Book Review: The King of Sunday Morning

I was anxious to review The King of Sunday Morning by J B McCauley.  The book summary held many of the elements of movies that I've enjoyed over the years.  How did The King of Sunday Morning stand up to review here in this little corner of the world?

I received a complimentary copy of this book for use in this review.  I may also receive compensation from affiliate linking in this post.  All opinions are my own.

Summary of The King of Sunday Morning.
The King of Sunday Morning is a geezer. Not in the traditional sense of the word as in old man. This geezer is a face, a wannabe, a top notch bloke. He is the greatest DJ that never was. He should have been. Could have been. Would have been. Now becoming a has-been. Tray McCarthy was born into privilege but with the genetic coding of London’s violent East End. Having broken the underworld’s sacred honour code, it is only his family’s gangland connections that save him. But in return for his life, he must deny that which he has ever known or ever will be and runs to Australia where he is forced to live an inconsequential life. But trouble never strays far from Tray McCarthy and eventually his past and present collide to put everyone he has ever loved in danger. He must now make a stand and fight against those that are set to destroy him and play their game according to his rules. Set against the subterfuge and violence of the international drugs trade, The King of Sunday Morning is the tale of what can go wrong when you make bad decisions. Tray McCarthy has made some of the worst. He must now save those he holds dear but in the process gets trapped deeper and deeper into a world where he doesn’t belong. “I want three pump-action shotguns, about twelve sticks of dynamite and a blowtorch”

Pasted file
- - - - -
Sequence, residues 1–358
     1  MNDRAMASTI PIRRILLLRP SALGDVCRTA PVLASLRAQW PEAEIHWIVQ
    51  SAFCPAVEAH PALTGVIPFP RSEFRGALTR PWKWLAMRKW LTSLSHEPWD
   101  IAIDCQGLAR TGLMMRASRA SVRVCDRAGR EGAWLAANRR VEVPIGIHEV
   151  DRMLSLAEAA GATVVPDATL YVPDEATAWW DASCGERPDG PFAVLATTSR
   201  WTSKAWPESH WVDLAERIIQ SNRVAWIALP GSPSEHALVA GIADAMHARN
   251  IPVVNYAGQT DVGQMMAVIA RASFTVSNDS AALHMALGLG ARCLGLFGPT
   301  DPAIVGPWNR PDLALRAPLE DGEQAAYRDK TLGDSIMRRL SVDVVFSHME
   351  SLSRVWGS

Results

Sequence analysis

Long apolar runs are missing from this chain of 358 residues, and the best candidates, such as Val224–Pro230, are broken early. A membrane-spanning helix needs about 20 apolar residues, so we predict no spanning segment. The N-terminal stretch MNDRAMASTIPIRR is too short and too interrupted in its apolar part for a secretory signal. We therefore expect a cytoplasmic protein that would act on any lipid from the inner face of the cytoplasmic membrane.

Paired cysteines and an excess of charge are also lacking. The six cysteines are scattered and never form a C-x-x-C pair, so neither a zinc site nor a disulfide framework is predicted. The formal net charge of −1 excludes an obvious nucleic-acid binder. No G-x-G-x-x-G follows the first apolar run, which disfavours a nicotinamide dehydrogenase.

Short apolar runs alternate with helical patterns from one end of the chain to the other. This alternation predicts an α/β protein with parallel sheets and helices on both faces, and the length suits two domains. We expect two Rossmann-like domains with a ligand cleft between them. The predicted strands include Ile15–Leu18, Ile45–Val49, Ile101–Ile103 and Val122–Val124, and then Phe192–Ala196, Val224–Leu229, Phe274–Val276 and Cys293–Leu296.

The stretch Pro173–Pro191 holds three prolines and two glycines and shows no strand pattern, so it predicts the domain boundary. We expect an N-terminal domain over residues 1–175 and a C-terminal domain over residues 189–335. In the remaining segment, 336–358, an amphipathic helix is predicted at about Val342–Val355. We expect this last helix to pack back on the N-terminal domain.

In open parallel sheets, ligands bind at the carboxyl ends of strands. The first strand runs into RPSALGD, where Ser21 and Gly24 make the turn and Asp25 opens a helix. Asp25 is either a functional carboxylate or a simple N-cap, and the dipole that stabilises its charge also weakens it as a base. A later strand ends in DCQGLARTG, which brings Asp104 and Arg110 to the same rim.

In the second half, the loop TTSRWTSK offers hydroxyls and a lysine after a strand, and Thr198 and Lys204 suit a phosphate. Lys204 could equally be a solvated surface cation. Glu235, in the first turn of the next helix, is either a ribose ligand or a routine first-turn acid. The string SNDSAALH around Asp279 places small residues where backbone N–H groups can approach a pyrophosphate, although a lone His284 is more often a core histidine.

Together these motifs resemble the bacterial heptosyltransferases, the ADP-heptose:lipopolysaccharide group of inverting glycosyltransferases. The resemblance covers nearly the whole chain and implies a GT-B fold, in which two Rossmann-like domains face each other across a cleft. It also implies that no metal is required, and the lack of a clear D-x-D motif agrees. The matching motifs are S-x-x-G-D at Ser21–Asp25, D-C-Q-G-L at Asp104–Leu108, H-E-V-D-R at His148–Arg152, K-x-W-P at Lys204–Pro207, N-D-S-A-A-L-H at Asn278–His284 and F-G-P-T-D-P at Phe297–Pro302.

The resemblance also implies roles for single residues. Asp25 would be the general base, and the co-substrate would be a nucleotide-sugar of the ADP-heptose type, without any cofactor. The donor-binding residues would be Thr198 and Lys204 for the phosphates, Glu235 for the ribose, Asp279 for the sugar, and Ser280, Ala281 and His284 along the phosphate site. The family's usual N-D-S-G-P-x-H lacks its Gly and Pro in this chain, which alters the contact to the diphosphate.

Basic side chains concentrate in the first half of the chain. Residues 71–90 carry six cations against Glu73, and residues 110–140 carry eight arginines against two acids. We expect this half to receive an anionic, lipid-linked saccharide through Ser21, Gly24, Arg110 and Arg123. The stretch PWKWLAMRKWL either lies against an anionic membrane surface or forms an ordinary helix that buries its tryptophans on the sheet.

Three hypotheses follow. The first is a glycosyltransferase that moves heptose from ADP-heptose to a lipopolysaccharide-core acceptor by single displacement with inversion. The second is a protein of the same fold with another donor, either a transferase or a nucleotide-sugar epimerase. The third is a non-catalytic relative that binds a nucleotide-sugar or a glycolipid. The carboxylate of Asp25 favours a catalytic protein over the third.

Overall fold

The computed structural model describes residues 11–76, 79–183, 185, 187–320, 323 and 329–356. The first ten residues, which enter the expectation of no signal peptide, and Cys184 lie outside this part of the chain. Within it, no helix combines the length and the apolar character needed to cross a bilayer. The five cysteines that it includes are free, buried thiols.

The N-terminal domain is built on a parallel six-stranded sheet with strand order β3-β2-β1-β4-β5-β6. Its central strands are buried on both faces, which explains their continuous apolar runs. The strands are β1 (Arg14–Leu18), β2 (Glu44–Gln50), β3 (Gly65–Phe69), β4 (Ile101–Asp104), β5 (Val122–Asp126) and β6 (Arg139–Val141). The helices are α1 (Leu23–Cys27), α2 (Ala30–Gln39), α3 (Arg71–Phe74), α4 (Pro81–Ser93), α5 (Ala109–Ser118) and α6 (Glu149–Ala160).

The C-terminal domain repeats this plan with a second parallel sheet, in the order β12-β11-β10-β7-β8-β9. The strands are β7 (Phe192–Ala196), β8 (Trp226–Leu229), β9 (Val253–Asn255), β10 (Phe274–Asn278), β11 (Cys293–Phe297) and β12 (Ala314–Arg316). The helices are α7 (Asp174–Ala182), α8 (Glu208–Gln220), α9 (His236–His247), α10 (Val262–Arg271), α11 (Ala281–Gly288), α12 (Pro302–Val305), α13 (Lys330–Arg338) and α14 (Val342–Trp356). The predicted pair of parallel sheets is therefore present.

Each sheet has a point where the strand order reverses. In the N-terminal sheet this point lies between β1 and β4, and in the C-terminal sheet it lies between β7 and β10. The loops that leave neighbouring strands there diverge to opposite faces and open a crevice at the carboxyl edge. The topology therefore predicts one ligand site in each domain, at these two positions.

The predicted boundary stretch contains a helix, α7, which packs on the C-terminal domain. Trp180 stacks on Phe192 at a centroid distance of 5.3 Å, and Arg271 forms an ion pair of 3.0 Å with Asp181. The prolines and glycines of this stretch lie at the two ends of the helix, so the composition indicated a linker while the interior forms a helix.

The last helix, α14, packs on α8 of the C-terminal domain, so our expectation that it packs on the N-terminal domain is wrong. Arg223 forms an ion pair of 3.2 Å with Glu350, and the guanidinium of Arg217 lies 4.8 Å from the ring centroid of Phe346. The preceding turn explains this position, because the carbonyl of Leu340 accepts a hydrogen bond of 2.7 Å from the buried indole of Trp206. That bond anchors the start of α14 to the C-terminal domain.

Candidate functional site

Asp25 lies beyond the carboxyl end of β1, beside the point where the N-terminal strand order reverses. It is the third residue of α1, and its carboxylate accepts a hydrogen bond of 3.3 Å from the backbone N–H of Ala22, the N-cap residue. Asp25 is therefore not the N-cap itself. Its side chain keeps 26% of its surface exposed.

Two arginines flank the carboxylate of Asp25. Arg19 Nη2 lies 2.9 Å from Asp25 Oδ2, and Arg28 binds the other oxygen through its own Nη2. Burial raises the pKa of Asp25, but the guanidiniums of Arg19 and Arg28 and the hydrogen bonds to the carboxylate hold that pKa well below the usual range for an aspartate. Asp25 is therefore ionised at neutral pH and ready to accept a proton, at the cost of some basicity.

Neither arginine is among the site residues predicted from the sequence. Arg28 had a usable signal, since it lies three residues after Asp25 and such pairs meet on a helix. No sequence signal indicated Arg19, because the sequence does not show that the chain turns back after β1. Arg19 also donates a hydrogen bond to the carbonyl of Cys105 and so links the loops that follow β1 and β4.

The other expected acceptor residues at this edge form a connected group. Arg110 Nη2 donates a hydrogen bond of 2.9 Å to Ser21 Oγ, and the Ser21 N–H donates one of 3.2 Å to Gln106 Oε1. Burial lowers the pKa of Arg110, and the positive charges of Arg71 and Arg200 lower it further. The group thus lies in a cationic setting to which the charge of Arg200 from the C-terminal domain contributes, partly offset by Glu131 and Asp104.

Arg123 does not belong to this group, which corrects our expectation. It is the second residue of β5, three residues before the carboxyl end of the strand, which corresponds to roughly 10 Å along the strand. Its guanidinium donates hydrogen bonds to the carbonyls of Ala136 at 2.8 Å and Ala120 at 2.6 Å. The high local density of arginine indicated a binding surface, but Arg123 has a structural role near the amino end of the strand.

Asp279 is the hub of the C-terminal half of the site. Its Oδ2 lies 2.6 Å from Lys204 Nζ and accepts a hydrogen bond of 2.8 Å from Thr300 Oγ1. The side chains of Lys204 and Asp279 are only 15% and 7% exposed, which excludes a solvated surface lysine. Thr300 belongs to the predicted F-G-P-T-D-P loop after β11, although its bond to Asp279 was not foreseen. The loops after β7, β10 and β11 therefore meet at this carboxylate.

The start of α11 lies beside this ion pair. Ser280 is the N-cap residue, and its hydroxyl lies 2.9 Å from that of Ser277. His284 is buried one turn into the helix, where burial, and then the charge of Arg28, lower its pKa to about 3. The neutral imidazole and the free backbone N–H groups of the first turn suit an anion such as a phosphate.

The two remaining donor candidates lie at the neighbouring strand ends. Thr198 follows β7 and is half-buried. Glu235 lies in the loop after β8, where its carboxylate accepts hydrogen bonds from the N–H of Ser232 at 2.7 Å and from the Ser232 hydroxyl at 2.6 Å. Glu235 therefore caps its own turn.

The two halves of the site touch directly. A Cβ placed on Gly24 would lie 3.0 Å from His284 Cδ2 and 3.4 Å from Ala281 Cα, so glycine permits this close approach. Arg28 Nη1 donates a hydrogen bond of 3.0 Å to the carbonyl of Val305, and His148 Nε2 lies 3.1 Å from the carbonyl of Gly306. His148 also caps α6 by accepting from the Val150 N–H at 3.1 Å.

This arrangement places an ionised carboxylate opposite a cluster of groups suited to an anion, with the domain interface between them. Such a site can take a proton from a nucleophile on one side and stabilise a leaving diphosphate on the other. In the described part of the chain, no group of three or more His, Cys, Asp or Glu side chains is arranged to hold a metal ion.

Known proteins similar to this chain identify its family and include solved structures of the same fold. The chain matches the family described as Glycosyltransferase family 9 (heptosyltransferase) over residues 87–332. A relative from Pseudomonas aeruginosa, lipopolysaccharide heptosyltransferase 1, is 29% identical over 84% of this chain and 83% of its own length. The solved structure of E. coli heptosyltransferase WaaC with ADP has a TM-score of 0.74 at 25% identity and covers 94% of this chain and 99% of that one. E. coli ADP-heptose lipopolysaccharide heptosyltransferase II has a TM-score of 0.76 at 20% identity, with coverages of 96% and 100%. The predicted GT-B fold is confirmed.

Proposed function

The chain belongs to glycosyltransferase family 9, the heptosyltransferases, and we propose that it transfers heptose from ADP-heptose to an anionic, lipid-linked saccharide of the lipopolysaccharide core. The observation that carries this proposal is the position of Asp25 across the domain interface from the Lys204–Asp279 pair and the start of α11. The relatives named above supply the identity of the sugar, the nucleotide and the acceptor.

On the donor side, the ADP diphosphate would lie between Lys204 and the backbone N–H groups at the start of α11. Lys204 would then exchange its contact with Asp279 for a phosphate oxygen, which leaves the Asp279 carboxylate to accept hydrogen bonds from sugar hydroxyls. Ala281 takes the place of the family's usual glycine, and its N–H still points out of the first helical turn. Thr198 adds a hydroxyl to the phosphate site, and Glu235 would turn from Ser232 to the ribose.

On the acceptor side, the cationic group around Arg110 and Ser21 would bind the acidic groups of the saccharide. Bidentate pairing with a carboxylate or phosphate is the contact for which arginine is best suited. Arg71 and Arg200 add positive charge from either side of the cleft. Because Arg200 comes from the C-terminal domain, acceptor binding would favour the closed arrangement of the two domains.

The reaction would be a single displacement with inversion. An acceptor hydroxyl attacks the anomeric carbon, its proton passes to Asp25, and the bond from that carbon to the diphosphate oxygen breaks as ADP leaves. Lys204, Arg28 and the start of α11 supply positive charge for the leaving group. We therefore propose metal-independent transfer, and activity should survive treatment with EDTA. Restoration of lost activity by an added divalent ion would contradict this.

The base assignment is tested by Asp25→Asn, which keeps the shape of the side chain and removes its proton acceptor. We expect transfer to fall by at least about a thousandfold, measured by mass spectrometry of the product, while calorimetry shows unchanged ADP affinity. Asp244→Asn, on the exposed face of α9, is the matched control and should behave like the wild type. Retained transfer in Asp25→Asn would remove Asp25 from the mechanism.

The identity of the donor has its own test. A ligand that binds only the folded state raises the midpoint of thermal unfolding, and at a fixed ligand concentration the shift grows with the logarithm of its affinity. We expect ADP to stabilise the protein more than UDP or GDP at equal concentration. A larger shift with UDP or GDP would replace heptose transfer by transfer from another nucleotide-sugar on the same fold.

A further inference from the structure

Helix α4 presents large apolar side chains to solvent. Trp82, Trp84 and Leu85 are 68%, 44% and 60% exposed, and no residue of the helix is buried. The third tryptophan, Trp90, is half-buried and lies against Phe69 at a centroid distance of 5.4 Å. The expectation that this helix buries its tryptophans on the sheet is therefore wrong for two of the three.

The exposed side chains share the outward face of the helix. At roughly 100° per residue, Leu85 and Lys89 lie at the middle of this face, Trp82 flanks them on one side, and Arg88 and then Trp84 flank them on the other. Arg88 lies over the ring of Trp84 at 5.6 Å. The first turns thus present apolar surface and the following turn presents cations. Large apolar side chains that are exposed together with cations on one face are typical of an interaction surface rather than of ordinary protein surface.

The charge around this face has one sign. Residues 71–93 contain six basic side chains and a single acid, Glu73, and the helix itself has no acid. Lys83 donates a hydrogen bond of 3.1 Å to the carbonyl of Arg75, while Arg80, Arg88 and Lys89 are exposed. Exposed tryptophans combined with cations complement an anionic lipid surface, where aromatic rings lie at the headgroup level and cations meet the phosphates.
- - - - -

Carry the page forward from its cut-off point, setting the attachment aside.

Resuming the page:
The King of Sunday Morning successfully submerges readers into a dark, pain filled world.   For many readers, a world filled with nonstop drugs, sex, and violence is something of fiction.  Many authors who attempt the subject fall flat with cliche, over-done scenes and over-the-top characters.  J B McCauley creates his characters with realism and real-world settings that pull readers into the dark world of The King of Sunday morning.

The King of Sunday Morning is more than explicit language, frequent drug use and sex scenes.  Sometimes people are products of environment.  Sometimes of poor decision making.  Sometimes of privilege.  Tray McCarthy is a product of all of these--and the explicit content of this book is Tray--but, that is not all that Tray is about.  Deep down, he was a man caught in a world where he didn't belong--with dreams and desires that just weren't aligned with his destiny.

Would I recommend The King of Sunday Morning?  I struggled with the first section of the book as the author gave pages and pages of background information--in random, chronological order.  Once I had a general understanding of who the characters were and of the storyline, I reread those early segments and it really helped put everything into perspective.  If you enjoy dark, almost disturbing, stories about the drug trade--this book is certainly for you.  It is disturbing at times, uncomfortable at times--but, offers a well written look at an entire world where most of us are strangers.


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